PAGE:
Chileans on Sunday rejected a proposal for a new constitution to replace the one adopted during Augusto Pinochet’s dictatorship.
Although the population voted for changes to Chile’s constitution in 2020, the proposed changes had proved unpopular with a large share of voters.
An overwhelming rejection
With almost all of the votes counted, the reject camp led with over 61.9% compared to almost 38.1% of those who voted yes.
The result is a far greater margin of victory than was predicted by opinion polls. These had suggested that voters would reject the constitution by up to 10 percentage points.
Leftist President Gabriel Boric, who supported the new text, accepted the defeat but pledged to press ahead with constitutional changes.
He said Chileans had demonstrated “that they want and value democracy, they are counting on it to overcome our differences and to progress.”
The constitution was drafted after political and social unrest swept through Chile in 2019.
Some 80% of Chileans voted to draw up a new constitution in late 2020. However, the last poll ahead of the referendum suggested that 47% of voters intend to reject the proposed constitution compared with 38% for yes and 17% undecided.
Speaking after the referendum result, Boric said it remained clear that people wanted urged “all political forces to put Chile ahead of any legitimate differences and agree as soon as possible on the deadlines and parameters for a new constitutional process.”
Unlike previous elections, the vote is mandatory for more than 15 million eligible voters.
Controversial articles included in proposed constitution
The dwindling support for the new law could at least partly be blamed on the prominence given to Chile’s Indigenous population, which makes up almost 13% of the country’s 19 million people. It offers them greater autonomy, particularly on judicial issues.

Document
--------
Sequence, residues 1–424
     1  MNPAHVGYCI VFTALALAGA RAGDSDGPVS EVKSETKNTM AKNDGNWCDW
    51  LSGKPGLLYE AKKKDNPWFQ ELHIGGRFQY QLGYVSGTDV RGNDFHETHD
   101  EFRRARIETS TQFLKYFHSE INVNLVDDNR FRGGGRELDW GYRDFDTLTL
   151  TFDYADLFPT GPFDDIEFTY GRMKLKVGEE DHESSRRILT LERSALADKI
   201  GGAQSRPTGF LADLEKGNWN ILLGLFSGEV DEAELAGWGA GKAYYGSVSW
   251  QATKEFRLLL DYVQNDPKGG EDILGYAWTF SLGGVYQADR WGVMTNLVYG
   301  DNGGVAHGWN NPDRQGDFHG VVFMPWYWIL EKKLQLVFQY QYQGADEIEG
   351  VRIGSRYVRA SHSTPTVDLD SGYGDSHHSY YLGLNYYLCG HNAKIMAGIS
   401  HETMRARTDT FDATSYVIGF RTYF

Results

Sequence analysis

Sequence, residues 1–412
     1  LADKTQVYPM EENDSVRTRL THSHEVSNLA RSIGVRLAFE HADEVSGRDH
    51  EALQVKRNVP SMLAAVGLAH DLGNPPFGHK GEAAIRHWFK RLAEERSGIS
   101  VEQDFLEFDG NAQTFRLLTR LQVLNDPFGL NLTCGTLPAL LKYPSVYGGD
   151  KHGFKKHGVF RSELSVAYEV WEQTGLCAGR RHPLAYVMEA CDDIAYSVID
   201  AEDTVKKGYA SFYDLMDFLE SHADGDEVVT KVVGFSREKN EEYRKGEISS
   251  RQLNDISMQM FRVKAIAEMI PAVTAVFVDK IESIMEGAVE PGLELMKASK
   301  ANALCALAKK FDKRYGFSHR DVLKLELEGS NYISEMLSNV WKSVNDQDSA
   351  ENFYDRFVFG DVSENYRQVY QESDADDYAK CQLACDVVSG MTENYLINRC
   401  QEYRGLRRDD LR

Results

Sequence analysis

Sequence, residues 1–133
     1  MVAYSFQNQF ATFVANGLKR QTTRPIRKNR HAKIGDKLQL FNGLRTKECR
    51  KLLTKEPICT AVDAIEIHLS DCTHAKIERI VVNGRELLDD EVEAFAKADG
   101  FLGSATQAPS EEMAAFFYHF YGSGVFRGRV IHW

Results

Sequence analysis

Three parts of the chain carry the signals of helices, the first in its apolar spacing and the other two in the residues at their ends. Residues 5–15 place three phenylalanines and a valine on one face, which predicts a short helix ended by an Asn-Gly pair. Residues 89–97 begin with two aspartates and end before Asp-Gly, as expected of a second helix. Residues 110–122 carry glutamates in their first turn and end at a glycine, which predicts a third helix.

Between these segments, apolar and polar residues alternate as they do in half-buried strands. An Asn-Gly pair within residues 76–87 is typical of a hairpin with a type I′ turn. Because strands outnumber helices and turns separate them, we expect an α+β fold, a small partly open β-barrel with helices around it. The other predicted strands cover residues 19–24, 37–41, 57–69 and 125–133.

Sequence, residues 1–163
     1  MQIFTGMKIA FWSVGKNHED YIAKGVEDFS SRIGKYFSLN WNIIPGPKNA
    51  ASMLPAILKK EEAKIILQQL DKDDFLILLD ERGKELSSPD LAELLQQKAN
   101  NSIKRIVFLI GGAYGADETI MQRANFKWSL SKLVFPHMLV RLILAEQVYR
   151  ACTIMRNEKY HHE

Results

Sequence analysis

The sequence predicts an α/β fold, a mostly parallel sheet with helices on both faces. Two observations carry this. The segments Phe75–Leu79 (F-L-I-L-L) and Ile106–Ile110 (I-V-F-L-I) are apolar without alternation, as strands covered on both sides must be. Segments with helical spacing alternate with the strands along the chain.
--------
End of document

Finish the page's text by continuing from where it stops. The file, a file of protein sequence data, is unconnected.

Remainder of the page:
There are also concerns that it will legalize abortion in a country where half of the population is Roman Catholic.
In addition, the document puts the environment on center stage in a country that is the world’s top copper producer.
“What you can see is a certain conservatism in the Chilean electorate that we haven’t seen for years,” sociologist Marta Lagos told the AFP news agency.
Leftists hold out hope despite grim polling
Those in favor of the new constitution were still holding out hope despite grim poll numbers.
“People will go out to vote en masse and the polls will be wrong once again,” said Juan Carlos Latorre, a legislator in the ruling coalition of leftist President Gabriel Boric, who supports the new text.
At the campaign’s closing rally to approve the new constitution Thursday night, 500,000 people turned out.
The new constitution would also overhaul Chile’s government, replacing the Senate with a less powerful “chamber of regions” and requiring women to hold at least half of positions in public institutions.
Boric has publicly committed to changing or clarifying some of the most controversial points of the document if it is approved.